Air Force Special Ops U-28 Crashes in Africa

Some sad news from the weekend: Four Air Commandos died over the weekend when their U-28 special mission single engine turboprop went down in Djibouti Saturday.

The planes based on the Pilatus PC-12, often operating in civilian livery, are flown by Air Force Special Operations Command (AFSOC) on missions to remote airstrips around the world where the pretense of a large C-130 in USAF markings won’t be too welcome by the locals. In addition to hauling special operators on clandestine missions to small airfields, the planes can provide over-watch and reconnaissance for SOF teams using a suite of drop down cameras, infrared sensors and other spy gear. I went for a ride from England to Belgium a couple of years ago in a PC-12 equipped with FLIR cameras a couple of years ago and we were reading names painted on ships steaming in the English channel from dozens of miles away using the infrared camera.

The U-28s often fly to small airstrips from a country’s bigger “hub” airport that will have a larger spec ops detachment nearby that is supported by a big AFSOC Dash-8 twin turboprop, again sometimes in civilian colors. (An AFSOC Dash-8 famously ran out of gas and made an emergency landing in the Malian desert a couple of years ago.) Think of it as a hub and spoke system for special ops missions.

The Air Force doesn’t yet know what caused the crash on Saturday. All the service will say is that the airmen died while returning from a mission in support of Operation Enduring Freedom. Keep in mind that this could mean they were operating anywhere from the jungles and plains of central Africa, the Sahara Desert, Somalia or Yemen.

23 Comments on "Air Force Special Ops U-28 Crashes in Africa"

  1. Single engine prop plane crashes? That's a shocker!

  2. Sad news indeed to read four more heroes have died. I hope their families will be okay over the next couple of years.

  3. Shame, hopefully it isn't an issue that will repeat itself in the future.

  4. "in USAF markings won’t be too welcome by the locals"


  5. Because the AF goes all sorts of places where the local government is friendly but the local population is hostile.

  6. Isn't the U-28 usually blacked ( out or is that the civilian version depicted above?

  7. A couple of years ago…

  8. My condolences to the crew and passengers. Wounder what happened?

  9. Stephen Russell | February 21, 2012 at 8:15 pm | Reply

    Shot down or sabotage to crash?
    Insider Mole around base or Unit?


    After a weekend crash killed four Hurlburt Field airmen in Africa, the base community is focused on helping family, friends and fellow airmen grieve.

    A memorial service is being planned in the coming days for Capt. Ryan Hall, 30, Capt. Nicholas Whitlock, 29, 1st Lt. Justin Wilkens, 26, and Senior Airman Julian Scholten, 26.

    The bodies of the men were treated with military honors when they arrived early Tuesday at Dover Air Force Base, Del.

    "Memorial services help our team at Hurlburt and the families work their way through the grieving process," said Hurlburt Field Col. Jim Slife, commander of the 1st Special Operations Wing. "It's the beginning of closure in dealing with your own grief."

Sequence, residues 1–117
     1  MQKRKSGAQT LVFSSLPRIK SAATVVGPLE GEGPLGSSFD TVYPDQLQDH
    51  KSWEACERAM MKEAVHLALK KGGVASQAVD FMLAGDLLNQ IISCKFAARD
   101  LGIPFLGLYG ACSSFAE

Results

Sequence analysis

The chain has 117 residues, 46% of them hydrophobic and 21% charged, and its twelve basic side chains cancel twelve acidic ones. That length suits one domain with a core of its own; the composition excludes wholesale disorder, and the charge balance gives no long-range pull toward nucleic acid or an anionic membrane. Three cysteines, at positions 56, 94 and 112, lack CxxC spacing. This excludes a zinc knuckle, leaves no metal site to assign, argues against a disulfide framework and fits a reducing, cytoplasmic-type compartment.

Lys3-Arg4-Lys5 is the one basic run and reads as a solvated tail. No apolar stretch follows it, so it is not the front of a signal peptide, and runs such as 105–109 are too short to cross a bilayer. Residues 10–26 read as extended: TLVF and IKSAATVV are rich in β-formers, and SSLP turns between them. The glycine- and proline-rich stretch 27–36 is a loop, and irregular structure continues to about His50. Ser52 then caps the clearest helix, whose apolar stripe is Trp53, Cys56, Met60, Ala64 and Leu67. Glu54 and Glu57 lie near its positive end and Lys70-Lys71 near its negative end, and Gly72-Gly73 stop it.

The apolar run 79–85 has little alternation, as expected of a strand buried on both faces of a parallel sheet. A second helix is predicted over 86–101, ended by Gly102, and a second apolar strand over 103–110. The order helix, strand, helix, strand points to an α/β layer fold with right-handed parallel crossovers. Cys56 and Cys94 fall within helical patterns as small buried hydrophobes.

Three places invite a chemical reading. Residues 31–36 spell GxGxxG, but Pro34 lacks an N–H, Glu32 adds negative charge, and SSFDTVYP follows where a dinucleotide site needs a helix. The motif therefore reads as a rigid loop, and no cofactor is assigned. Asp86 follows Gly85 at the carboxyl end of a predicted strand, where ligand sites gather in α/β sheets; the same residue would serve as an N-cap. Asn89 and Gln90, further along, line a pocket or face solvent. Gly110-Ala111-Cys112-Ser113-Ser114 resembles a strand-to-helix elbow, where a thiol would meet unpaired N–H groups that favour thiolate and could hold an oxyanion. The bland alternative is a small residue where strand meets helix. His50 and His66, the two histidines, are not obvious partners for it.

The U-28A aircraft the airmen were aboard crashed Saturday near Camp Lemonnier, Djibouti, in the Horn of Africa.

  11. I deployed and worked with Ryan and Nick and instructed Justin when he first entered U-28 training. This is a sad event and they will be greatly missed. My heart goes out to all four's family. These brave young men paid the ultimate sacrifice and it could of been any one of us who deploy.

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  13. RIP. You will not be forgotten.

  14. If the U-28a is based on a PC-12, it is a single engine turbo-prop aircraft.

  15. Reminds me of the MC12

  16. If anybody is interested, we have a website up (still under construction – will hopefully have more info on it soon) that has a link to donate to a memorial fund for the fallen. You can find it at

  17. RIP brothers. Your sacrifice will be remembered.

  18. Praying for the families and the AF community with a heart of gratitude for their sacrifice.

  19. Seven Marines died as the result of a helicopter collision last night.


  20. A Beechcraft King Air has 2 engines and is made in the US. Obviously they wouldn't want to use anything like that for this kind of mission.

  21. Reminds me of when I saw an AFSOC plane do a somersault while landing on a dirt runway outside our VSP. Thank God no one was hurt in that accident.

    RIP to the 4 Airmen who weren't so lucky :(

  22. Spike 12 OZONE | August 17, 2014 at 1:27 am | Reply

    RIP, Happy Hunting to the four who are sorely missed. I wonder what is wrong with a SHERPA or even an old DeHavilland Otter or Beaver for that matter? All three are much better small planes…Even the Ugly Duck Grumman is better AND has nose cannon And will land on water or on the hardball AND has TWO engines with the capability of flying on one. The U28 reminds me of a weird looking Mooney or a large fancy Stearman with an enclosed cabin…The old Golden Knight's plane from the museum would be better than that U28, I never ever heard of it giving any trouble!

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